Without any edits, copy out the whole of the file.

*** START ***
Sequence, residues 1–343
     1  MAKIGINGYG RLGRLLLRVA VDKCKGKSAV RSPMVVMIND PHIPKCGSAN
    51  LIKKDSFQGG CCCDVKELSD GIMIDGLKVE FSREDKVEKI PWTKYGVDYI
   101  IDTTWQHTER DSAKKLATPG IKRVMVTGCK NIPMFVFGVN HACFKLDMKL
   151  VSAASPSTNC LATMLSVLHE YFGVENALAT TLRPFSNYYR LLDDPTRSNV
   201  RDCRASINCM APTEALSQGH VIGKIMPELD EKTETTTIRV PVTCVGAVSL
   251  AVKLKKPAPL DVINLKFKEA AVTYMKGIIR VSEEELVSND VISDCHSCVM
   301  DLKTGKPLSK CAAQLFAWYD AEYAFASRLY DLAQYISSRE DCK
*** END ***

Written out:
Sequence, residues 1–343
     1  MAKIGINGYG RLGRLLLRVA VDKCKGKSAV RSPMVVMIND PHIPKCGSAN
    51  LIKKDSFQGG CCCDVKELSD GIMIDGLKVE FSREDKVEKI PWTKYGVDYI
   101  IDTTWQHTER DSAKKLATPG IKRVMVTGCK NIPMFVFGVN HACFKLDMKL
   151  VSAASPSTNC LATMLSVLHE YFGVENALAT TLRPFSNYYR LLDDPTRSNV
   201  RDCRASINCM APTEALSQGH VIGKIMPELD EKTETTTIRV PVTCVGAVSL
   251  AVKLKKPAPL DVINLKFKEA AVTYMKGIIR VSEEELVSND VISDCHSCVM
   301  DLKTGKPLSK CAAQLFAWYD AEYAFASRLY DLAQYISSRE DCK